Oops! It appears that you have disabled your Javascript. In order for you to see this page as it is meant to appear, we ask that you please re-enable your Javascript!

The Short Life and Death of George


The months of April and May have been traveling months for the family Fiddle.  One of our adventures involved a 7 night/ 8 day camping trip to Fort Wilderness at Disney World.  Our longest camping experience to date had been 3 or 4 nights, so we threw caution to the wind and doubled down.

The memorable experiences were numerable.  And will be forthcoming, as my personal blogging exile as hopefully come to an end.

As per usual, camping is an opportunity for Jensen to hunt and capture wildlife, particularly lizards.  From sun up to sun down.  In lieu of a proper lizard habitat, Jensen turns the provided Disney camp grill which each site comes equipped with, into a lizard jail.

I always feel that I should leave a note of apology on each grill whenever we vacate a site.  Because people, you know, actually cook FOOD on grills.

On our day of arrival, while the rest of his family slaved over the camp set-up, Jensen caught his first lizard, which he promptly named George.  He marched around the camping loop introducing George to anyone who even looked remotely interested.  After George was properly shown off, Jensen made a home for him in the grill.

The next morning, much to everyone’s surprise/chagrin, George was still there.  Jensen took this as a sign that George loved Jensen as much as Jensen loved George.  The morning progressed.  Then as we were sitting around eating a leisurely lunch, Cailey noticed, “Oh my gosh, look Jensen!  A bird just ate your lizard!”  Jensen jumped out of his camping chair in time to see a large blackbird fly up into a tree with George in his beak.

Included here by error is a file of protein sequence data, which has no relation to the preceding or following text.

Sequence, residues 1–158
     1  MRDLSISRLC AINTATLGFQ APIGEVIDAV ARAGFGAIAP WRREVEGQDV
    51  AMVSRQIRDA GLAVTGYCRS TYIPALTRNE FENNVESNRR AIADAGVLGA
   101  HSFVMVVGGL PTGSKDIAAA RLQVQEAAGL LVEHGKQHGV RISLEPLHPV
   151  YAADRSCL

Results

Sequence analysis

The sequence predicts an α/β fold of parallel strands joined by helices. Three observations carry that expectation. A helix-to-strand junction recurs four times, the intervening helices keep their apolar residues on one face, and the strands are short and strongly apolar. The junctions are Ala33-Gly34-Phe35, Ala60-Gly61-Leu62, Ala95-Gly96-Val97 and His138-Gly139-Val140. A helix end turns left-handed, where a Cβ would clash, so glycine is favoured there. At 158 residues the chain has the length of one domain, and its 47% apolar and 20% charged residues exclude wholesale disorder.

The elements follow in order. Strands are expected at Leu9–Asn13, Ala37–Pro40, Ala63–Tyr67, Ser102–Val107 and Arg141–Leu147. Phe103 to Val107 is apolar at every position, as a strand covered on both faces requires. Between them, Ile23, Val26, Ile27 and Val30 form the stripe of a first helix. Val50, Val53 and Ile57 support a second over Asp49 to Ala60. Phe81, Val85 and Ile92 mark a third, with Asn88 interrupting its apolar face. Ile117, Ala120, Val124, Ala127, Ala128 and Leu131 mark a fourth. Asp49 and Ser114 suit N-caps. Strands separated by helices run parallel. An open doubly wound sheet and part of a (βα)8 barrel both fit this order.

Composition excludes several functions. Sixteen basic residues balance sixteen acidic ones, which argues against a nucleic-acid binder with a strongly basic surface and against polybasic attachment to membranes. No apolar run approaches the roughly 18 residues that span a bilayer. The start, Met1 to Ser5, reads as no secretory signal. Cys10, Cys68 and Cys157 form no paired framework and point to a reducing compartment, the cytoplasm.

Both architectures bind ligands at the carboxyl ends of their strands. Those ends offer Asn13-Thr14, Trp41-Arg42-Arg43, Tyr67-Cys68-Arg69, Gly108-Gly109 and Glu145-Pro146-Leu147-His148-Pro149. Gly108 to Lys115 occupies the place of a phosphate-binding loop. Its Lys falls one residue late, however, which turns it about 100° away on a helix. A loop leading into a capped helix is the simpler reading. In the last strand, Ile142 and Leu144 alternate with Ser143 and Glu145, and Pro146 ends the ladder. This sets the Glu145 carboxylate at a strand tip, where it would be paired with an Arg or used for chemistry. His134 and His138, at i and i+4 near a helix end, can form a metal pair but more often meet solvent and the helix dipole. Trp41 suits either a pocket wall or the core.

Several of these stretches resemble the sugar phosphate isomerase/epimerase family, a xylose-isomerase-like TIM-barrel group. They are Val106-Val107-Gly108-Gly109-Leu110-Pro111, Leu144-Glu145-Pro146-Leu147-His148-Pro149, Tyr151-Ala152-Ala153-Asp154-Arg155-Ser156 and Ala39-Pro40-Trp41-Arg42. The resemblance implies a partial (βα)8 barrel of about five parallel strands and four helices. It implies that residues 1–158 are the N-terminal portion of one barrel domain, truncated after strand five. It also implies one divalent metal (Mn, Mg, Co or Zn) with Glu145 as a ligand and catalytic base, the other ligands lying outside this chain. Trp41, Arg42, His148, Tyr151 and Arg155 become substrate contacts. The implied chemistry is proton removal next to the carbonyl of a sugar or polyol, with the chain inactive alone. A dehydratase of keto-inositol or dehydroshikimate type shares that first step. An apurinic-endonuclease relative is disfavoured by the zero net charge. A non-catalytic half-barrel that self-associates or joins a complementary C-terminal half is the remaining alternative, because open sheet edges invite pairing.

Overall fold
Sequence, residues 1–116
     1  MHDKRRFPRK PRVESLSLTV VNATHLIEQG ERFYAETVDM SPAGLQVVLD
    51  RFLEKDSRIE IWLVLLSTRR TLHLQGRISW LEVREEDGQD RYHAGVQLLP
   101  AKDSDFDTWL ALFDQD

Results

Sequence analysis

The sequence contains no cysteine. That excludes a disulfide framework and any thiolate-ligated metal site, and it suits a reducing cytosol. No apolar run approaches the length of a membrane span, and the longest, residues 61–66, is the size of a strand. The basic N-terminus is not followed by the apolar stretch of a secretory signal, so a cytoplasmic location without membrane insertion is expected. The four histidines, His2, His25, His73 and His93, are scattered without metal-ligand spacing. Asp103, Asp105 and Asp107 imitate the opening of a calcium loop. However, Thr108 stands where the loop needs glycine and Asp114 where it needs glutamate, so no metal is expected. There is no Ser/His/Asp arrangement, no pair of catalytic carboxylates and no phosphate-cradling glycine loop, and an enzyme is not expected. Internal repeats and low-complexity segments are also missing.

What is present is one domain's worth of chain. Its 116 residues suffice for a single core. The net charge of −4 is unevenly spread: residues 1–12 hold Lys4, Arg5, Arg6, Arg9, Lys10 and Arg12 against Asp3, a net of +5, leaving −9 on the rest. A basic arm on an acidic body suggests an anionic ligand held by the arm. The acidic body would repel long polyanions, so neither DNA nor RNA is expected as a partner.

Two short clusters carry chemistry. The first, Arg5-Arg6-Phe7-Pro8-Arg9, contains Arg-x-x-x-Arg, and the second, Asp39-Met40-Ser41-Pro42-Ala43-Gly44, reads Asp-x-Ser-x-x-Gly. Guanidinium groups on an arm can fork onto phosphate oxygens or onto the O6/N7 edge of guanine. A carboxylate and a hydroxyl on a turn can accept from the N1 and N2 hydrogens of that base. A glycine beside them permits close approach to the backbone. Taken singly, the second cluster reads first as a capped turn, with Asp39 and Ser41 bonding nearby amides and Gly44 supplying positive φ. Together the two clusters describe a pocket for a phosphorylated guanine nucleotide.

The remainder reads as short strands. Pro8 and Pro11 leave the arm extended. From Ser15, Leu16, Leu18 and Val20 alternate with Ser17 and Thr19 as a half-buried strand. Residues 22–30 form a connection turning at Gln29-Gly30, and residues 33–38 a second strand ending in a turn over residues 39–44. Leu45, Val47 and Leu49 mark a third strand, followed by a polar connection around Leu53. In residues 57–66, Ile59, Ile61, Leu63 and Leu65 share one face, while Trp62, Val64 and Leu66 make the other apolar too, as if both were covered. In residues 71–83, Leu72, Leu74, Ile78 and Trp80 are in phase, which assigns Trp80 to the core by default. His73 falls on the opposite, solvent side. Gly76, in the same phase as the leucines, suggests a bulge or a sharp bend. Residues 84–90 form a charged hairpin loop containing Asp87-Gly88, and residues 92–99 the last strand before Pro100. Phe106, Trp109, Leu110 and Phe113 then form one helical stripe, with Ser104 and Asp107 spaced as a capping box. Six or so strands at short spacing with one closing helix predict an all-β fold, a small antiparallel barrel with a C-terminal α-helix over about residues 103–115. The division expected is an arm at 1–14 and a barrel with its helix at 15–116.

Jensen was mortified.  He stood at the base of the tree yelling up at the blackbird, first in anger, then in a pleading voice, “PLEASE, stupid bird, just let go of George!”

The bird complied, and dropped George at Jensen’s feet.  Well.  Parts of George.  And not necessarily the best parts.

Jensen stood staring down at the pieces of his former friend.  Sobbing.  Then after a suitable time of loud mourning and gnashing of teeth, say, 10 to 15 minutes, he looked back up at the bird, who sat watching the spectacle from the safety of a high branch, threatening to commit murder.

I’m pretty sure that by this time Disney Parks and Wildlife security had stationed extra patrols in our camping loop.

Eventually Jensen moved on to other local lizard life, and then “David” took up residence in the grill.  Which Jensen had rendered bird proof.

Later that night I visited the community bathroom (cleaner than my own, I might add) and while I was in my own personal stall, I overheard two women chuckling about a little boy they had met earlier and how he was walking up to little girls to see if they wanted to hold a lizard named George.

From the sanctity of my stall, I told them that the lizard whisperer in question was my son, and then I told them of George’s untimely demise.   In gruesome detail.  There was a respectful moment of silence.  And then I was left alone in the bathroom.

My master plan.

Rest in pieces, George.  You were a good and faithful temporary pet.


3 Responses to The Short Life and Death of George